By Gopal Sharma and Zarir Hussain
KATHMANDU/GUWAHATI, India (Reuters) – Floods have forced more than three million people from their homes across north and northeastern India, officials said on Monday, as the death toll in neighbouring Nepal and low-lying Bangladesh rose to 76 after days of heavy monsoon rains.
Worst affected is the northern Indian state of Bihar, where some 1.9 million people have fled their homes due to rising waters, a state government release said.
Television channels showed roads and railway lines in Bihar submerged, with people wading through chest-high, brown, churning waters, carrying their belongings on their heads.
An impoverished agrarian province with rickety infrastructure and poor healthcare services, Bihar has a history of flooding in its northern areas that border Nepal.
Flood waters in the northeastern Indian state of Assam rose overnight with the Brahmaputra river, which flows down from the Himalayas into Bangladesh, and its tributaries still in spate.
More than 1.7 million people in Assam have been displaced by the floods, authorities said, and most of the Kaziranga National Park, home to the rare one-horned rhino, was also under water.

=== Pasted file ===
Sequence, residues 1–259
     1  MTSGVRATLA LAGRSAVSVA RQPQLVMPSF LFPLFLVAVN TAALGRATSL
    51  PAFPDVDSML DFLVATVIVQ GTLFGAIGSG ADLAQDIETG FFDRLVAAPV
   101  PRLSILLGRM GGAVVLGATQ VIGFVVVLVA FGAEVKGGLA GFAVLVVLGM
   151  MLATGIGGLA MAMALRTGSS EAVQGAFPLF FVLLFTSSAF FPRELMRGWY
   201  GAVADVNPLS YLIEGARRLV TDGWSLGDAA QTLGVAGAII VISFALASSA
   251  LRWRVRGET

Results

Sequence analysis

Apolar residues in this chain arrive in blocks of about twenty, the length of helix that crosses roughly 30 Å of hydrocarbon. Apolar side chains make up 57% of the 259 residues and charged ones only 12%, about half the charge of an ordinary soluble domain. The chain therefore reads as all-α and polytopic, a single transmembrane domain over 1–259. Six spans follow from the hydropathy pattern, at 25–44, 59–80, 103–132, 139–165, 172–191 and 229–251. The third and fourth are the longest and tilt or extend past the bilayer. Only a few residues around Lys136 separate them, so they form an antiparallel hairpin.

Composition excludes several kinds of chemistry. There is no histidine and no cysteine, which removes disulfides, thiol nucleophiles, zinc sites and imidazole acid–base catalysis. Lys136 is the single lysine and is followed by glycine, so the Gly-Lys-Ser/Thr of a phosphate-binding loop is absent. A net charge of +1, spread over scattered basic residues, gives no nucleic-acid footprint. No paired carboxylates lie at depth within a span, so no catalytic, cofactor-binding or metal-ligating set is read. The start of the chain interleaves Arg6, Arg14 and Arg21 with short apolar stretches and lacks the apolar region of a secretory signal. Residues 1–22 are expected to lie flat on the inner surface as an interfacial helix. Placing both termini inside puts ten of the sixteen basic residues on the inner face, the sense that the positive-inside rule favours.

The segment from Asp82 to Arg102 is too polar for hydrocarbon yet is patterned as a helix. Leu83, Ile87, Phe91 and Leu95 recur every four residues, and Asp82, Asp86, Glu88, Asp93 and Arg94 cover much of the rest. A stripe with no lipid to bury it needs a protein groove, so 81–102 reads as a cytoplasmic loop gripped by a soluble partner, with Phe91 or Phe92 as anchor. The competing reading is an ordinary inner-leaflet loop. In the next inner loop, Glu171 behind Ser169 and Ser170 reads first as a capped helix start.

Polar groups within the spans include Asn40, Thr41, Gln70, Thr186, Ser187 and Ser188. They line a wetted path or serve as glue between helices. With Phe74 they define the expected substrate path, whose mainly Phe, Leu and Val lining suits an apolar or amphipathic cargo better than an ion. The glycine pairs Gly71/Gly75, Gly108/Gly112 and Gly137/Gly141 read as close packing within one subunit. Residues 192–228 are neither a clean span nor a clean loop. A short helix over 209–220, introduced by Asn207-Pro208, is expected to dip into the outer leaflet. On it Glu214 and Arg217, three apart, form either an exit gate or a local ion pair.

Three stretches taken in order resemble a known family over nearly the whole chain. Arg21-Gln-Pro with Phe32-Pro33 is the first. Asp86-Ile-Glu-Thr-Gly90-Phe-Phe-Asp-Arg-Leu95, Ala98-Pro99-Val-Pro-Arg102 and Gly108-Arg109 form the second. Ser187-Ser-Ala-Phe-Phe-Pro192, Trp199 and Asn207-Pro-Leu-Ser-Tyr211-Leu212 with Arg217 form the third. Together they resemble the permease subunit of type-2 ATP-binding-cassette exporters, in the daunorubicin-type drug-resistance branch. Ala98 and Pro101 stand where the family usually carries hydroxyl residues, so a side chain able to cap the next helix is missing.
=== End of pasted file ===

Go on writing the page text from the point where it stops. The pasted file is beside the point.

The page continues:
“The flood situation has turned very critical with 31 of the 32 districts affected,” Assam Chief Minister Sarbananda Sonowal told reporters. “We are working on a war footing to deal with the flood situation.”
Known for its tea industry, Assam is often inundated by seasonal flooding, and state and federal governments have spent millions of rupees on flood control.
India’s weather office on Monday forecast widespread rains across Assam and Bihar for the next two days.
In neighbouring Nepal, 64 people were killed and 31 were missing, with around a third of all districts hit by heavy rains, authorities said. Many of the deaths were caused by landslides that swept away houses.
In southeast Nepal, water levels on the Kosi river, which flows into Bihar, had receded, an district official said.
In 2008, the Kosi broke its banks and changed course, inundating huge tracts of land and killing 500 people.
“Our analysis is that the danger is over now that the water level has come down,” Chiranjibi Giri, assistant district administrator of Sunsari district, told Reuters.
The annual monsoon season, which brings the most rain across south Asia, also hit Bangladesh hard, forcing an estimated 190,000 people out of their homes, government officials said.
In Cox’s Bazar district, shelter to some 700,000 Rohingya refugees who fled violence in neighbouring Myanmar, more than 100,000 people have been displaced.
Since early July, flooding and landslides have damaged thousands of shelters at the refugee camps, killing two people, including a child, Human Rights Watch said in a release last week.
(Reporting by Gopal Sharma in KATHMANDU, Zarir Hussain in GUWAHATI, Serajul Quadir in DHAKA and Devjyot Ghoshal in NEWDELHI; Writing by Devjyot Ghoshal; Editing by Sanjeev Miglani and Nick Macfie)